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Daniel Levy, the Tottenham Hotspur chairman, insists he is committed to the club's new continental-style system of management and will spare no effort to restore one of football's perennial sleeping giants to its former glories. Two weeks after the acrimonious departure of former France coach Jacques Santini, Levy, who has come under increasing pressure for the club's succession of flawed managerial appointments, said he would remain as chairman until he could bring tangible success to the team he has supported since boyhood.
The departure of Santini after only 13 games in charge again called into question the decision by the Spurs board to go down the continental route in order to revive the club's fortunes.
Despite initial statements from Spurs that their head coach had left for purely personal reasons, Santini then said he had been unacceptably misled about his exact role under the club's new sporting director, Frank Arnesen. Levy has categorically denied this version of events and continues to believe firmly in a system long used by a raft of leading foreign clubs, provided, crucially, the chemistry is correct which clearly was not the case with Arnesen and Santini. "It's unfortunate what happened with Jacques," said Levy. Unfortunate or simply a mistake? Levy sidesteps the issue by looking at the bigger picture. "Obviously it's incredibly frustrating when you put in all that work behind the scenes - even more if, like me, you're a fan of the club - and a lot of it then hinges on what happens on a Saturday. But what our critics should be doing is talking to some of the overseas clubs like Juventus and AC Milan who have been operating this kind of system for decades."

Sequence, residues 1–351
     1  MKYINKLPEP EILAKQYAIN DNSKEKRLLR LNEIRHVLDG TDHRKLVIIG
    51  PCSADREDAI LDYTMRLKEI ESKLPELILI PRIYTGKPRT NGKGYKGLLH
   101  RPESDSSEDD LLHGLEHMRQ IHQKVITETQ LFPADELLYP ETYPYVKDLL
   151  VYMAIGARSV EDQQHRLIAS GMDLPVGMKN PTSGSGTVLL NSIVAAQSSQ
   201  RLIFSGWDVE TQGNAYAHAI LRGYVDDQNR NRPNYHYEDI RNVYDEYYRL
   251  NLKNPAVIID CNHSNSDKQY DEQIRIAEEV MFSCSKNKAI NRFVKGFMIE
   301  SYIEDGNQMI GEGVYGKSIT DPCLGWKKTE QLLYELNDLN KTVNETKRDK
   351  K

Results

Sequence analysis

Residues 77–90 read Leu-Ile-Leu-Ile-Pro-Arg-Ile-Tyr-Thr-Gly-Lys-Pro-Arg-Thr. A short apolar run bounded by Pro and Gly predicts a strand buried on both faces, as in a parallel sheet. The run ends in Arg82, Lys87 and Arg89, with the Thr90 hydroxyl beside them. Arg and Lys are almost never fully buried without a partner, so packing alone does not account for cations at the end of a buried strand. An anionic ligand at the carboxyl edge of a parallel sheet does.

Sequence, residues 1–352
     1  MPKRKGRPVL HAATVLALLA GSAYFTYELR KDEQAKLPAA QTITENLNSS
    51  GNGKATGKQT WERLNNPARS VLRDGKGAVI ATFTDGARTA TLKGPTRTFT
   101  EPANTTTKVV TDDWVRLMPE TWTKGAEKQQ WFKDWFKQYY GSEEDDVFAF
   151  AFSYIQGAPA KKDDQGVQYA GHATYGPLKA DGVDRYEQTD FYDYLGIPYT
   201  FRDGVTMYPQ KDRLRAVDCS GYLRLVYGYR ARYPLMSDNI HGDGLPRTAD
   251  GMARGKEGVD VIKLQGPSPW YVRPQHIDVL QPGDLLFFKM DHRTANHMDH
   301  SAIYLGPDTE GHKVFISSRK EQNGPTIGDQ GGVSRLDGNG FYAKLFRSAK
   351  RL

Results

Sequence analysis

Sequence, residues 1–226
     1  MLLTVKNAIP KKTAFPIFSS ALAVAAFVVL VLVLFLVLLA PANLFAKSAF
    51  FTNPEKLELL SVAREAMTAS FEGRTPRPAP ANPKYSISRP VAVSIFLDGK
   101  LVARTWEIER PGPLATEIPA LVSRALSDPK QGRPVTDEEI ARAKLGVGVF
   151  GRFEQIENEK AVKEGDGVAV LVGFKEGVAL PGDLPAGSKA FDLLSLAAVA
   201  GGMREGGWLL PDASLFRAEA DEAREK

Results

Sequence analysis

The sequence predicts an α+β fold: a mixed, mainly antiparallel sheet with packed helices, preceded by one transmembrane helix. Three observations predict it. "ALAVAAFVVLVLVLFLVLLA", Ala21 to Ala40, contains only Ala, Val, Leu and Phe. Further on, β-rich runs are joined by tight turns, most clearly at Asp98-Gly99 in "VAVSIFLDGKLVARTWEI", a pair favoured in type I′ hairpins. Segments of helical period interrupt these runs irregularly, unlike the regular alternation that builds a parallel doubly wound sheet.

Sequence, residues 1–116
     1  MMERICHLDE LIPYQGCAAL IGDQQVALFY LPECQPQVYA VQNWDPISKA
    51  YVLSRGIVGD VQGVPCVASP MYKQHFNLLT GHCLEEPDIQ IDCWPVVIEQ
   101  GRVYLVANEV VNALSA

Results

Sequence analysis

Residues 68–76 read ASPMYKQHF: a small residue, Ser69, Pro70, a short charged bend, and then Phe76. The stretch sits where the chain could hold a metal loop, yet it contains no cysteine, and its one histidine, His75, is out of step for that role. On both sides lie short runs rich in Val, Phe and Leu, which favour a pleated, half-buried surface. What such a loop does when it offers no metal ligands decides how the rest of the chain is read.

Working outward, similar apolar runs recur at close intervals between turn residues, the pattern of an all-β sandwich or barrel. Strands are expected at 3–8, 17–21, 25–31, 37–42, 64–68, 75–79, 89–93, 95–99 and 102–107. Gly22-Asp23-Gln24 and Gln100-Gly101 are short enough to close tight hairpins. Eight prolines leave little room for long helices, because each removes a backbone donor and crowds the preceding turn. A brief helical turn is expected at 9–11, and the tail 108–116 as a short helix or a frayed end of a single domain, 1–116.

He rejects the idea that the system is not suited to the English game by revealing he was "inundated" with candidates "all of them currently employed and many of them English" as soon as Santini's resignation was known. "So much for an English manager not wanting to work under this system," Levy argues without naming names. What it does prove, he adds, is that there are those outside the club who also believe in the route Spurs are taking, though in the end Martin Jol, Santini's assistant, was promoted from within.
"Listen, this club has not got things right for a long time, probably since the 1960s in terms of league position," says Levy. "We need to be in the top six category because we have the fan base. I believe firmly in the direction we are going. We could have gone for another big name as head coach but Frank's recommendation was that Martin had the best credentials."
Levy dismisses the suggestion that he has been responsible for the years of mediocrity. "I only ever actually appointed Glenn Hoddle. But it's the nature of football that the odds are always stacked against managers and coaches. They know it can sometimes be a very short career." So does that mean Jol, the club's ninth manager in 13 years, will be shown the White Hart Lane door if he fails to deliver?
"Martin understands that if, in two or three years' time, we haven't moved forward as a club, he'll be moving somewhere else. That's what happens on the Continent where it's no big deal. The important thing is that we have confidence in him and he knows that."
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